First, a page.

For novice gardeners, flowers are a one-off occurrence but when purchased by an experienced gardener, they can be forced to bloom again if placed in a dark, cool place and given little or no water at all, as this helps to initiate new flower buds.
Crown of Thorns Plant (Euphorbia milii)
In Latin America, this plant is often referred to as the Christ Plant or Corona de Cristo, with the Crown of Thorns plant getting its name from its inch-long, sharp black spines that embellish the stems. It is often thought that these were used for the crown of thorns adorned by Jesus Christ at the time of the crucifixion.
This sprawling evergreen has rich, leathery green leaves and minuscule, inconspicuous yellow blooms, which are enveloped by extravagant, long-lasting, red flowers. Indoor variants of these plants will flower from late winter right the way through to autumn when conditions are very good.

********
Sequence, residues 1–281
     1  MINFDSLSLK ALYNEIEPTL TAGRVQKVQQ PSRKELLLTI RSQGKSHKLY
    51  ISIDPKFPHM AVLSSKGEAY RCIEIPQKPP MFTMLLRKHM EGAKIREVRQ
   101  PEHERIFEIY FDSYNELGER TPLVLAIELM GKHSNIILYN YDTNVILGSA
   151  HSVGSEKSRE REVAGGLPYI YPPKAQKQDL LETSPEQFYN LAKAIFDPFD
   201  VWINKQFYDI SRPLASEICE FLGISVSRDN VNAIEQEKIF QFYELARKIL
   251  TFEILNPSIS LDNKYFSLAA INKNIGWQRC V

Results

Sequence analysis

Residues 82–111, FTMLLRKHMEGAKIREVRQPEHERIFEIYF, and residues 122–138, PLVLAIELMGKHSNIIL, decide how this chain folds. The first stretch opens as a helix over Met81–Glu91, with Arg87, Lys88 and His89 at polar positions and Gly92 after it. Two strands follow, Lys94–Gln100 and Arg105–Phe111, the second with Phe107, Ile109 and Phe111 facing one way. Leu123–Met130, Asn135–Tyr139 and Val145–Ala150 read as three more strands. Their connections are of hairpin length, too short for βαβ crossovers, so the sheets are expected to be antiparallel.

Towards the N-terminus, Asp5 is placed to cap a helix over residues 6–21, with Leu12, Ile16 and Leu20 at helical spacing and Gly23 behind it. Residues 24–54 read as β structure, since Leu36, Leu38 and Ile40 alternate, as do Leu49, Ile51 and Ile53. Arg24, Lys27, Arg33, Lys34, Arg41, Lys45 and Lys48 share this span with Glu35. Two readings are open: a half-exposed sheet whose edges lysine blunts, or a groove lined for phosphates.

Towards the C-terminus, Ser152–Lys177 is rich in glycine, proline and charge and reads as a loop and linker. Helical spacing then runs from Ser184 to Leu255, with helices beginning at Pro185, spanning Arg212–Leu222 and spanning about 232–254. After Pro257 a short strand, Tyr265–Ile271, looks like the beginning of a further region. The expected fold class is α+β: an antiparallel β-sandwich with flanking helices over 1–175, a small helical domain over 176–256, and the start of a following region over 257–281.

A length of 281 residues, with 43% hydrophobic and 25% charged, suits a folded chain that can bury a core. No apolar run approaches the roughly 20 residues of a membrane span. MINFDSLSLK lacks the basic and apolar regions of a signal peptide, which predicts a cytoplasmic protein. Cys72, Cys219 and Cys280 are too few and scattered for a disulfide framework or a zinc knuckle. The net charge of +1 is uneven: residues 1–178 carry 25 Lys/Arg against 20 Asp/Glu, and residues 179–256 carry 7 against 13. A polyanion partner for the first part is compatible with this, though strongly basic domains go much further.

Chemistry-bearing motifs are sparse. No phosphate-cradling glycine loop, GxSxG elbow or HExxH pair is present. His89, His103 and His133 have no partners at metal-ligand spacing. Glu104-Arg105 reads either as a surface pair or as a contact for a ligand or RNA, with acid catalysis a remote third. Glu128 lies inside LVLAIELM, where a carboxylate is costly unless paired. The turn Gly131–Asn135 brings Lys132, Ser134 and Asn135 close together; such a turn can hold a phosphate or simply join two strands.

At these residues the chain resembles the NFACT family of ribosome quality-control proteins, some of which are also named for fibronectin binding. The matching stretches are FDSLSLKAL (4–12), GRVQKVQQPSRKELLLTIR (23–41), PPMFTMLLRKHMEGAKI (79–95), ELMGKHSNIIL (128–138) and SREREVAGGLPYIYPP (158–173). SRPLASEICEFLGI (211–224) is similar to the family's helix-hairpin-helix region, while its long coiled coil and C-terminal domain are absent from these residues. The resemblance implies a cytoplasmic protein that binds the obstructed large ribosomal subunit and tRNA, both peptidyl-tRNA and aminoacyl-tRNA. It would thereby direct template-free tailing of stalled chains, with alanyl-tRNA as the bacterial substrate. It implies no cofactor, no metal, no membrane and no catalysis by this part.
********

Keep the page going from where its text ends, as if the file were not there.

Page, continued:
Just like other succulents, it’s important to wait to water your plant, at least until the top inch of the potting soil is dry. Once fully dry, water thoroughly. Crown of Thorns plants enjoy between three and four hours of direct sunlight every day and tend to thrive in temperatures between 18°C (c. 65F) and 32°C (c. 90F).
A prevalent winter-blooming plant, this species is well known for its compact growth, stunning blooms, and attractive foliage. Depending on the specie chosen, the shrubs can grow between six and 12-inches in height and are adorned with leaves intricately patterned with hues of silver and green. Blooms can be brightly coloured or pretty pastel shades, and vary in size from large, eye-catching plants to small, highly fragranced blossoms.